Is Apple One a bargain? It’s complicated


Apple One, Apple’s long-awaited services bundle, has arrived — or, more accurately, three different Apple One bundles have arrived. It’s a move that highlights both how inaccurate that “Apple One” name actually is and the general confusion over Apple’s services right now.

According to Apple, each of the three plans offers big monthly savings, with the cheapest Individual plan cutting $6 per month off the total compared to buying each of the four included services separately. The Family plan saves $8 per month, and the Premier plan saves $25.

Those numbers are making a big assumption, though, which is that customers want and are willing to pay for all of those separate services. Look closer, and it’s less of a bargain than Apple may want you to think.

Let’s start with the Apple One Individual plan. Offering a single Apple Music plan ($9.99 per month), a 50GB iCloud storage bucket ($0.99 per month), and access to Apple Arcade ($4.99 per month) and Apple TV Plus ($4.99 per month) for $14.99, it seems like it saves you money. But unless you’re interested in subscribing to Apple Music and either Apple Arcade or Apple TV Plus, you’re probably better off just saving the $4 and sticking with an $11 Apple Music and iCloud combo.

(As a side note, Apple does grant everyone in your family plan access to Apple Arcade and Apple TV Plus, even if you subscribe to it through the “Individual plan,” which may impact your calculus.)

It’s a similar story with the Family plan: a regular family plan for Apple Music costs $14.99 per month, and a 200GB iCloud bucket (which can already be shared across a whole family) is $2.99. Once again, if you want either Apple Arcade or Apple TV Plus on top of that, the Apple One bundle effectively gets you both of those services for the price of one, but if all you want is Apple Music and iCloud storage, Apple One doesn’t really offer any benefits.

The Apple One Premier plan is a slightly different story, though. At $29.99 per month, it’s the most expensive of the plans. Comparing it to the unbundled costs, an Apple Music family plan is once again $14.99, while a 2TB iCloud plan is $9.99. If you were already paying for both of those plans — which isn’t unreasonable for a family that’s heavily invested in Apple products — then you’re only looking at a $5 per month increase to gain access to Arcade along with the additions of News Plus and Fitness Plus (which, at $9.99 per month each, are among Apple’s priciest subscriptions).

But in most cases, Apple One only makes sense if you’re already subscribing to Apple’s most in-demand services: iCloud storage, which is essential for backing up most iPhones given Apple’s increasingly absurd (and stingy) 5GB allowance for new devices, and Apple Music. And at the end of the day, Apple One doesn’t make subscribing to those two key services dramatically cheaper — it just provides a discount for subscribing to Apple’s less popular services. It’s a good discount, mind you, but one that still results in most customers paying more than they are right now.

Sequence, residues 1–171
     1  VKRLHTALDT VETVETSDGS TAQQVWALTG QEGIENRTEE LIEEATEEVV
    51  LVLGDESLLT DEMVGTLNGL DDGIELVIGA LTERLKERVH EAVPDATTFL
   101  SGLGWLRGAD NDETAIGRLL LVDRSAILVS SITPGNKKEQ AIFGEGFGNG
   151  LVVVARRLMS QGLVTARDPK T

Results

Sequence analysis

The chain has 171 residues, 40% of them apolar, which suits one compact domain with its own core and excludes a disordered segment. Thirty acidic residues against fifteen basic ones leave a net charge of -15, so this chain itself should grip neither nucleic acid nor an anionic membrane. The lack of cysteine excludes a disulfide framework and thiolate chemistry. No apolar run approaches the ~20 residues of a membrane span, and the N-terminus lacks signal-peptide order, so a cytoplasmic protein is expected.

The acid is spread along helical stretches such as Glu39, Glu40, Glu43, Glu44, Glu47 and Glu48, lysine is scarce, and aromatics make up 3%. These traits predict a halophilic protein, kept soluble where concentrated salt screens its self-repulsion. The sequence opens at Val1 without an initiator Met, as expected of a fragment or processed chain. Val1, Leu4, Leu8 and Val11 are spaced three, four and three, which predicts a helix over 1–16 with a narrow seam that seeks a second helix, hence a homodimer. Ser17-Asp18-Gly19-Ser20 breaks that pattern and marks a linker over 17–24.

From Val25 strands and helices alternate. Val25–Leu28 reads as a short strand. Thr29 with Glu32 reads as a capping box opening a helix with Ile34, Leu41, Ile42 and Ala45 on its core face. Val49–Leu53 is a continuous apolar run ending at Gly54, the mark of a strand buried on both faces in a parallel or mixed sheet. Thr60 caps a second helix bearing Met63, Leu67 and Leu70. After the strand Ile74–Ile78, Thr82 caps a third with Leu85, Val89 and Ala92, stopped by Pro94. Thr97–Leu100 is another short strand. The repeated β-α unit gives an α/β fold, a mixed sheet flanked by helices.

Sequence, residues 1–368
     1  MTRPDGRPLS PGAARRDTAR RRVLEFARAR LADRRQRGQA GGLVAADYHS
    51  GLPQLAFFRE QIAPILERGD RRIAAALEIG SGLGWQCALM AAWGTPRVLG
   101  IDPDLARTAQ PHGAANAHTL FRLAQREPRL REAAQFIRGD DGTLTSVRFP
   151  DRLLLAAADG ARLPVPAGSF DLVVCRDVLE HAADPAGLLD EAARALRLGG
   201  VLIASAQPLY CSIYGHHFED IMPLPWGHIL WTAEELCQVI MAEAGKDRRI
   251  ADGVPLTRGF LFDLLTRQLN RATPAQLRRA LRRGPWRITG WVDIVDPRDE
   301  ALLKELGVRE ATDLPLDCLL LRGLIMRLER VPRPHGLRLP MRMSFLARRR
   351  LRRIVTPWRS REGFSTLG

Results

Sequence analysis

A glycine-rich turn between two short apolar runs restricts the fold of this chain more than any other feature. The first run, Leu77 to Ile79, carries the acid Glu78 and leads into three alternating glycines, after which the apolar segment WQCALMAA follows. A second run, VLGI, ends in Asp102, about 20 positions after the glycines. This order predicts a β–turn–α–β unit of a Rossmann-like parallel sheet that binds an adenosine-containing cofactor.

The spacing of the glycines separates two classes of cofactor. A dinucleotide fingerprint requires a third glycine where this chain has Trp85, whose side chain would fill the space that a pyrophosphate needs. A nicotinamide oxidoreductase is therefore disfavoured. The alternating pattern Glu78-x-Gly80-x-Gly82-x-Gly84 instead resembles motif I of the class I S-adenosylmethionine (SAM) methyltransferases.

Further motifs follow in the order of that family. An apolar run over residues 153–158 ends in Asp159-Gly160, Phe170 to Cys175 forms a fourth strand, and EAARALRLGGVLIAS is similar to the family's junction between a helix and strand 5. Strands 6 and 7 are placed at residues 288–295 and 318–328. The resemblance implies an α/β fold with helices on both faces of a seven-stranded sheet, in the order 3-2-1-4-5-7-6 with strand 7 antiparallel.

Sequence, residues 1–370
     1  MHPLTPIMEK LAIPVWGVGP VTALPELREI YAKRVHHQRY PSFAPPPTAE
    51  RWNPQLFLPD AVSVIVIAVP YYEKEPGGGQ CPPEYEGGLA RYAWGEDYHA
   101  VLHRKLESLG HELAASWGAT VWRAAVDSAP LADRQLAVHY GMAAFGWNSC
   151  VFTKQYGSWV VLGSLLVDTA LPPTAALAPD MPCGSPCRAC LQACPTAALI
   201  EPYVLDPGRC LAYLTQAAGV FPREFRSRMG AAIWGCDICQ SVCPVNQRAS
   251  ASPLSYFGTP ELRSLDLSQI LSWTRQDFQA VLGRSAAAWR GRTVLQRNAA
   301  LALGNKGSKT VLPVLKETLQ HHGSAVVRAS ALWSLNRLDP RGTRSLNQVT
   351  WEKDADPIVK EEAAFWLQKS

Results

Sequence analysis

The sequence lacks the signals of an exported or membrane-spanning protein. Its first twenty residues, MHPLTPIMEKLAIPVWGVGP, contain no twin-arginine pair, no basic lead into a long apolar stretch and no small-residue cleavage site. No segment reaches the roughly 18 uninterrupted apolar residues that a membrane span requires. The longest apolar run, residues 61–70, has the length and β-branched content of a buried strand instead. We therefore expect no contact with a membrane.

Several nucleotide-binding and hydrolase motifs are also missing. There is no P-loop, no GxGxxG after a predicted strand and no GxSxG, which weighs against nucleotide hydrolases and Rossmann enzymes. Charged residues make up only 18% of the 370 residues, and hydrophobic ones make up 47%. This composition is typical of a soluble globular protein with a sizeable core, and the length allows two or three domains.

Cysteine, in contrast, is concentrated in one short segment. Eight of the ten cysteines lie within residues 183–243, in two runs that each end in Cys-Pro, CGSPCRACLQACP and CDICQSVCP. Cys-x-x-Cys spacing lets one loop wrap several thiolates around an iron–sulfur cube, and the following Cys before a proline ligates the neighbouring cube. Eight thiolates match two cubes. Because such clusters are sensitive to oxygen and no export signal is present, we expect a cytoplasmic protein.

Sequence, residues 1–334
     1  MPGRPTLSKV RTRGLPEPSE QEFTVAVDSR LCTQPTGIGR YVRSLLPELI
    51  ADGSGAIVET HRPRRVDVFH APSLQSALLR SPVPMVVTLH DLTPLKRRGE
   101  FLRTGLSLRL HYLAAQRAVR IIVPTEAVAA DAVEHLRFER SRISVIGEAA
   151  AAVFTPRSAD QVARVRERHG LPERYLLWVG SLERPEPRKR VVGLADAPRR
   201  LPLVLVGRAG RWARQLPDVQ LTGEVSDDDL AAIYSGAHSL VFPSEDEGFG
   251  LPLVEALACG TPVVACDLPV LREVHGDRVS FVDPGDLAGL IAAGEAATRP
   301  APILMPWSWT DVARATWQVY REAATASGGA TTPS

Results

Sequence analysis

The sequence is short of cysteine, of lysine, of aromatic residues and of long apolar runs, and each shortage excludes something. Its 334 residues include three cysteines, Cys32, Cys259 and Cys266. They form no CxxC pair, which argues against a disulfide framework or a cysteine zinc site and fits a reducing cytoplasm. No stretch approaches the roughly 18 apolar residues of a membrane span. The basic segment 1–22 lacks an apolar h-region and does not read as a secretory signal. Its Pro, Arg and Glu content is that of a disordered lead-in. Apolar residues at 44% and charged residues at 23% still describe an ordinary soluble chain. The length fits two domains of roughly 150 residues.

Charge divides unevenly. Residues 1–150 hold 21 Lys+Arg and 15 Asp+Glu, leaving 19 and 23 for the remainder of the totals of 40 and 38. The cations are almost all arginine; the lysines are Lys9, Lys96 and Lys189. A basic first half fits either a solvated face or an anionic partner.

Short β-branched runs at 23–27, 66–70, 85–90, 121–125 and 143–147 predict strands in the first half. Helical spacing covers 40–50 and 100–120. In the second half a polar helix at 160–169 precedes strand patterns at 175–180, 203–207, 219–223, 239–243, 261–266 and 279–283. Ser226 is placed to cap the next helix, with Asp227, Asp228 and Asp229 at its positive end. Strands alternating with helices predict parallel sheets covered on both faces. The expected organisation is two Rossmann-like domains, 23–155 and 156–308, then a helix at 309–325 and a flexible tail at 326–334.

The hard numbers confirm this. According to Counterpoint Research, Apple Music had an estimated 68 million users by the end of 2019. Barclays Analysts estimated that the company had 170 million paid iCloud customers in 2018. Comparatively, Apple had just 10 million subscribers as of February 2020 for Apple TV Plus — many of whom were riding along on the free one-year trial that Apple offers for the service, which will coincidentally start to expire for the earliest customers next month. And while estimates for Arcade are harder to come by, it’s likely far below Apple Music and iCloud.

In other words: the number of customers who already subscribe to Apple services beyond Music and iCloud, the ones who would actually get the benefits of the discounted pricing, are far outnumbered by those that don’t. And that’s the real point of Apple One — not to save you money, but to get you to spend more on services like Apple Arcade and Apple TV Plus that you might not have been considering subscribing to before.

It’s also hard to look at Apple One and not see a glaring omission: the iPhone. Apple has already experimented at including subscription services in a monthly payment for its most popular hardware product with the iPhone Upgrade Program, which offers the latest iPhone and an extended AppleCare Plus warranty for a monthly fee. It’s also possible that Apple may eventually offer some augmented version of that program that factors in Apple One (perhaps alongside the upcoming iPhone 12 announcement expected in October). The company sells a lot of different iPhones, and adding its already complex subscription plans to the mix only makes all of this an even bigger mess to figure out, especially when factoring in families with multiple devices. The last thing Apple One needs right now is more options to choose from.

But historically, Apple has been a company that used software and services to drive its hardware purchases. Things like iCloud, iMessage, iTunes, and the rest of Apple’s software suite were sweeteners in the pot for buying an iPhone or a Mac. But now the reverse seems to be true, with Apple looking at software and services as its main driving force.

Using Apple One to try to boost numbers for its less popular offerings, in that context, makes a lot of sense. And with Apple only looking to emphasize these subscriptions in the future, expect to see more, not less, of this sort of subscription push.



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